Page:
The “Salone del Mobile” (Milan furniture fair), the largest and most anticipated trade fair in Europe , showcases everything from one-off pieces to coordinated suites and everyday household articles. The accent is on materials, technologies and styles, ranging from the classic to the ultra-modern. It is held every year, usually at the end of April, in the FieraMilano complex (main show), but it is also spread across the city with hundreds of off-site events in Milan’s showrooms, studios, art galleries and public spaces… This event brings around 348.000 visitors, 2450 exhibiting companies, 570 young designers and 22 international design schools.
Some of the Italian frogs went to look around the city, but due to how huge the fair is, this is a report of 2 themes among many: The ‘soft products’ & the ‘innovative installations’. Enjoy the 10 things we noticed most among those 2 themes… But keep in mind: this doesn’t represent the whole fair.
1/ The ‘Embroidery Rug’ by Charlotte Lancelot is a rug made out of hand made oversized cross stitch.
Composed of one felt layer filled of a holes pattern and some extra colored stitches allowing you to create your own graphic (a flower in this case). I like the fact that the rug can be customized by the owner and will evolve with time. charlotte lancelot
2/ The ‘Carpet-Sandals’ by Lise El-Sayed is a rug made out of very thick wool in which 12 pairs of tongs are precut and ready to be fitted for the guests or the family.
Her aim here is to enable the carpets to regain their gifts of welcoming, comfort, location and mobility. Imagine having those sandals integrated into your entrance carpet... they seem soft and comfortable to wear, just like walking on the carpet itself. Right, so what’s so cool here? The invitation to change your behavior at home!
3/ ‘Floora’ by Johanna Richter is a system of wool felt modules that can be used as a rug or wherever soft furnishings are needed.
I like the fact that with a unique module; you can extend the cloth, or even replace some dirty areas as needed. It gives much more flexibility to the customer, and it looks good!
4/ ‘Wooden textile’ by Elisa Strozyk are beautiful laser cut triangular pieces of walnut veneer are mounted to a cloth substrate to create "wooden textiles".
It is interesting from its structural point of view, but it also has a nice tactile feeling. elisa strozyk
Tokyo Fiber Senseware ’09, an exhibition directed by Japanese designer Kenya Hara, features some of the most innovative products in Milan this year. Shaped masks and lampshades from moldable nonwoven fabric, products with softness and firmness from the same material, knitted bundles of light, super lightweight chairs and rucksacks and a unique water logo are just some of the futuristic products exhibiting at ‘La Triennale’ di Milano.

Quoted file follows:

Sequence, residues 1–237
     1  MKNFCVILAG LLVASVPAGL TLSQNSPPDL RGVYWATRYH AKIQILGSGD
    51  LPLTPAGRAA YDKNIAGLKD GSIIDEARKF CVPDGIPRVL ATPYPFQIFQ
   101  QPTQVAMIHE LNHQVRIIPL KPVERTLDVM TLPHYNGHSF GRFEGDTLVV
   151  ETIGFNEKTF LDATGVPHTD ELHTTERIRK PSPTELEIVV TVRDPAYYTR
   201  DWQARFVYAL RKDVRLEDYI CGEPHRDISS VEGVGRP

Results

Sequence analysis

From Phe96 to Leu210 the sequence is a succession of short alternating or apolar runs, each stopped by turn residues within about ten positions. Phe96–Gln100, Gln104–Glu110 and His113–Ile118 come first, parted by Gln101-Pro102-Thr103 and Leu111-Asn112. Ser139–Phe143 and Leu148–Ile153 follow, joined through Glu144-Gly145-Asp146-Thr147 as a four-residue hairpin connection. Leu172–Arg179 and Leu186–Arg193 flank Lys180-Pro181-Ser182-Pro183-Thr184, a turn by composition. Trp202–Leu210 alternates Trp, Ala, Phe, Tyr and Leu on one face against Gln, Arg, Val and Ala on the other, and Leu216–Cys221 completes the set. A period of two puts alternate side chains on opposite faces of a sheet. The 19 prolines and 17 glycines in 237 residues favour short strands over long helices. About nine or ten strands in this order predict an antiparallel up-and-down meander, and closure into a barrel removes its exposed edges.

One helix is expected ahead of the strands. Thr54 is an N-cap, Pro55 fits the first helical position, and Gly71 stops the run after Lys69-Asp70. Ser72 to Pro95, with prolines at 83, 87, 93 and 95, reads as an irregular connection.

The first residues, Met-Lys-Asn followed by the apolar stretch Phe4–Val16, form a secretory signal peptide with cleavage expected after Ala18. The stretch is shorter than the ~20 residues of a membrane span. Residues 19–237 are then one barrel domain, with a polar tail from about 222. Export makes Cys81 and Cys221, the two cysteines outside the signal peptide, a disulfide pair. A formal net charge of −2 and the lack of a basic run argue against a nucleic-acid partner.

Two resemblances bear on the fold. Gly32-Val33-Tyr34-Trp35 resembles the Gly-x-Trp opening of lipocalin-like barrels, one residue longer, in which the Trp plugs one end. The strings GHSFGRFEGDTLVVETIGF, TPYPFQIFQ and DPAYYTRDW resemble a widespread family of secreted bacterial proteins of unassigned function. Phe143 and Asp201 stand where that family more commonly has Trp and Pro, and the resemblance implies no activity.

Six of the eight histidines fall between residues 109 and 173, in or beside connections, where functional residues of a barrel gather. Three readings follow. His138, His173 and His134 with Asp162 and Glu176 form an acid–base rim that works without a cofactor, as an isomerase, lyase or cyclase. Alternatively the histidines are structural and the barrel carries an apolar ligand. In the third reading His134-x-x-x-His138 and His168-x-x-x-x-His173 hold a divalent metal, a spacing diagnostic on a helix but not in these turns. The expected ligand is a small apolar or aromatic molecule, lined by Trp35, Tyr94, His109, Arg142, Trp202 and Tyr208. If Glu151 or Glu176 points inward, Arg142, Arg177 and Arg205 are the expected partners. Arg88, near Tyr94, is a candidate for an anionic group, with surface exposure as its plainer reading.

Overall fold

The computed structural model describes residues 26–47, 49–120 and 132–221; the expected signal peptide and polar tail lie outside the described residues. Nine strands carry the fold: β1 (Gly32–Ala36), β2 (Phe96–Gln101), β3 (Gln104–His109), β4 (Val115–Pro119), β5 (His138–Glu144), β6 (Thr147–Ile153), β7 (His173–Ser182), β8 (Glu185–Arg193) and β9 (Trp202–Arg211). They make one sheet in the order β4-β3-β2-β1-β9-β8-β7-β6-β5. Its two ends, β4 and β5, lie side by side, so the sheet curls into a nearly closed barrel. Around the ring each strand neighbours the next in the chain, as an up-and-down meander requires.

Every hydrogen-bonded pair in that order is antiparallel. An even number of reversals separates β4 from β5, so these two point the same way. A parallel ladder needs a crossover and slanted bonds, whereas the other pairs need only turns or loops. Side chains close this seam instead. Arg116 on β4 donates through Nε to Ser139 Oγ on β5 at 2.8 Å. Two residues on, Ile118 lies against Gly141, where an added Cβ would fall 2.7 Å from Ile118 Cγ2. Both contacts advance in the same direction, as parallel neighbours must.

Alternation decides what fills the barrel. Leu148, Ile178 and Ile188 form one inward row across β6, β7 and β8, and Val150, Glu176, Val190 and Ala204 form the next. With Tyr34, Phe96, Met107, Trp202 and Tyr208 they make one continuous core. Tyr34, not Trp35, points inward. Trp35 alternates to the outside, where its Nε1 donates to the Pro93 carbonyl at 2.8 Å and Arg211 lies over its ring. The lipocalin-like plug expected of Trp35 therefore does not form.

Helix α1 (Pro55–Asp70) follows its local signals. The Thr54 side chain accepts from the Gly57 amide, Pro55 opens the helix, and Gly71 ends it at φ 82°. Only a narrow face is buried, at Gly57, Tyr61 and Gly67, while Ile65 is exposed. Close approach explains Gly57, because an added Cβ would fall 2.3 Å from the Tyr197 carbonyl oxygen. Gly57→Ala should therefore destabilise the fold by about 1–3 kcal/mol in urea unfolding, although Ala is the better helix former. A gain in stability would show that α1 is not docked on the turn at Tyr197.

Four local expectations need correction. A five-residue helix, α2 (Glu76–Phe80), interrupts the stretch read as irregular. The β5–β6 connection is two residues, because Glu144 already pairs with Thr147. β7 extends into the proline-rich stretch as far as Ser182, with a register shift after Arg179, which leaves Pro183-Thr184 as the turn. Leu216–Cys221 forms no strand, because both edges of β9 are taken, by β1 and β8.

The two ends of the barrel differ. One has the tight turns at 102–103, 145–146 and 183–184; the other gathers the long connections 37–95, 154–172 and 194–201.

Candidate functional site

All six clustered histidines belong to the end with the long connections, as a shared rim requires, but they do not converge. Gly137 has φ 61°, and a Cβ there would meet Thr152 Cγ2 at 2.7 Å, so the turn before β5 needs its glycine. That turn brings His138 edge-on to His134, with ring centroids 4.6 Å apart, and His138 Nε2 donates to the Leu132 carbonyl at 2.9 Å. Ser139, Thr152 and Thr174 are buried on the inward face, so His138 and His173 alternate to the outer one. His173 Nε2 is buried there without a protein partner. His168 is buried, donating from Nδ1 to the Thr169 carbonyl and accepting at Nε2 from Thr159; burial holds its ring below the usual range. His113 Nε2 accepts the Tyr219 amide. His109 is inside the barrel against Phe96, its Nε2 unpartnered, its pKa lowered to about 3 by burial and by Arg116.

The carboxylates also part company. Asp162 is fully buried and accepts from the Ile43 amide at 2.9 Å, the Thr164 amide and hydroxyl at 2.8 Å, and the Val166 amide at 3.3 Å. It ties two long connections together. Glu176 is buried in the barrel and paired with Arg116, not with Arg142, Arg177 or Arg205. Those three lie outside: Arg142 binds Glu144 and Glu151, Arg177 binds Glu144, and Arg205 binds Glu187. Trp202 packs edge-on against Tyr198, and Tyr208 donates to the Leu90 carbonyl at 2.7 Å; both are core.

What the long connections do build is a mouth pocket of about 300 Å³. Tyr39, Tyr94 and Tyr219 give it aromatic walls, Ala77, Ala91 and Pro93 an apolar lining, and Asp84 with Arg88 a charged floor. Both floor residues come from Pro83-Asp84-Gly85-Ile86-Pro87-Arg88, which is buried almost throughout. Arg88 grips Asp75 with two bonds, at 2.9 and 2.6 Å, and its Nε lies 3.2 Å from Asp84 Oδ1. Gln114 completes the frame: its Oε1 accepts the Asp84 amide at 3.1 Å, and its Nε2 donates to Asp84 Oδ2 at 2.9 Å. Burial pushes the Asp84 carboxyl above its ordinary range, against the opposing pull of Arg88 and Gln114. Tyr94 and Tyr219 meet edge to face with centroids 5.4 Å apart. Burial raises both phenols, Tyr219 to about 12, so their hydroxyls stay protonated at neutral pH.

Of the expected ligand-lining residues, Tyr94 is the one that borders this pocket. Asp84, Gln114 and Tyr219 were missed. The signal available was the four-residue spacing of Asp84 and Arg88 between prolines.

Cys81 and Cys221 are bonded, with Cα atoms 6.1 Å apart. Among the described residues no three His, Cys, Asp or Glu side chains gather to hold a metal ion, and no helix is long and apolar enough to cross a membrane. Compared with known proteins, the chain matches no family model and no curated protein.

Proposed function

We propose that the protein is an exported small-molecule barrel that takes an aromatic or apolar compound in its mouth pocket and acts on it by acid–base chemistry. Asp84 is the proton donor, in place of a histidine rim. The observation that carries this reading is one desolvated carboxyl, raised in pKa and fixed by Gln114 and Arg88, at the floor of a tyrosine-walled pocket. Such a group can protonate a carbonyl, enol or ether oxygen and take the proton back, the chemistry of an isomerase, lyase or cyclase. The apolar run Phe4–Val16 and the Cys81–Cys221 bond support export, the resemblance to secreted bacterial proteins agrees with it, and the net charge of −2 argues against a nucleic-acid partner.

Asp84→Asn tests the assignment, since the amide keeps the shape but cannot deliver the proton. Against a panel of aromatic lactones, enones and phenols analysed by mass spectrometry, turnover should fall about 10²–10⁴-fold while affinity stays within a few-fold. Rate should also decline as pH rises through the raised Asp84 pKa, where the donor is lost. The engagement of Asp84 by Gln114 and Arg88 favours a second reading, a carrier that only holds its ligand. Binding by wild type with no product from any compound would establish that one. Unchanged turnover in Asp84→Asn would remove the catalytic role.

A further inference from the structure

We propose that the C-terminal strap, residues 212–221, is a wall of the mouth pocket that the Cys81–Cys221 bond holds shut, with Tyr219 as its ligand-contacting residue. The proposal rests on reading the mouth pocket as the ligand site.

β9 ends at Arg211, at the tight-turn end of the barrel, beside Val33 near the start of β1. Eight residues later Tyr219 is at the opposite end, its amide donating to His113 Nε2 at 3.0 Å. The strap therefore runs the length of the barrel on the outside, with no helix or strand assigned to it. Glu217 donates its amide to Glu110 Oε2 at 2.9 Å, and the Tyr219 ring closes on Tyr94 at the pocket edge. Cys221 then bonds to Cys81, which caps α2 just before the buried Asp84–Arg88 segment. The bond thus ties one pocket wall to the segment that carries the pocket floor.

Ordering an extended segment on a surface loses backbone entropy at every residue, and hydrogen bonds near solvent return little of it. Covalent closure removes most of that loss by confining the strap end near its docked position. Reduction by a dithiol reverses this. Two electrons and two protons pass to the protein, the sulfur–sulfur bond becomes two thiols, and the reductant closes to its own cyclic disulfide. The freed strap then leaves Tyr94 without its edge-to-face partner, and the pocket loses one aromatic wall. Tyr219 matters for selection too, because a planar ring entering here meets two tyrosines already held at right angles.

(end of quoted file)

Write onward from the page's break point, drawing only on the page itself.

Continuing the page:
1/ ‘Con-Fiber’ by Kengo Kuma is a concrete bloc letting the light passing through it.
By embedding optical fibers continuously into concrete, then cutting across the fibers, it is possible to make concrete that light will penetrate. It is a development with the potential to change the meaning of architecture. Along the light, the shadows of people moving outside penetrate the space. These are walls permitting communication with outside. We need to think about what walls shut out and what they let through.
2/ ‘Water logo’ by Atelier Omoya & Hara Design Institute is a sign made of controlled drops of water on top of ultra water-repellant fabric.
The water drops well up to form letters on top of a sloped fabric, so that whenever a drop reaches a certain size, it naturally begin to roll down the sloping surface under the influence of gravity. A new drop of water grows up to take the place of each drop that rolls away, so the water logo is constantly renewed. The water drops form tails as they roll away. These tails is a result of friction between the water and the fabric.
3/ ‘Mist Bench’ by Gwenael Nicolas is a bench with knitted bundles of light that respond to human movement.
The material become information controlled by the time and by the movement. The information is not on the surface but within the material itself; lights become the vital fluids that glow and flow within the transparent veins. The surface expresses its desire to communicate with its surroundings: the eyes of the sensors detect the movements of the visitors. As he gets closer, the surface glows softly from emptiness; it follows the visitor movement and glow gradually to finally reveal its real identity, a long bench, a mist of light floating in the dark.
4/ ‘Time of Moss’ by Makoto Azuma is a green carpet that keeps on living, quietly keeping its place in the world.
This man-made fiber originates in plants… Over 10 years, it degrades and returns to the soil. The use of this material plus moss, another plant, creates a new scene. The ‘terramac’ fiber is spread on the sloping sides of embankments before seeding, and protects the seeds as they grow. It has a solid record as a material for protecting the environment. A number of different types of moss were carefully combined and placed on the planter.
5/ ‘Hologram body’ is a scale 1:1 human body mounted on hundreds of conductive cables.
Awesome 3d light fixture, which is basically a whole human body mounted on hundreds of conductive cables.
video by Benco
6/ ‘liquid story’ by felice limosani is an installation that mixes industrial technology, 3D animation, electronic and symphonic music by using the amazing, invisible interactions of magnetic fields.
Ferrofluid is not just for entertainment, though. Scientists in Quebec a looking to use the highly-reflective substance in telescopes, replacing mercury mirrors; the ferrofluid could be more precisely controlled and used in non-horizontal installations.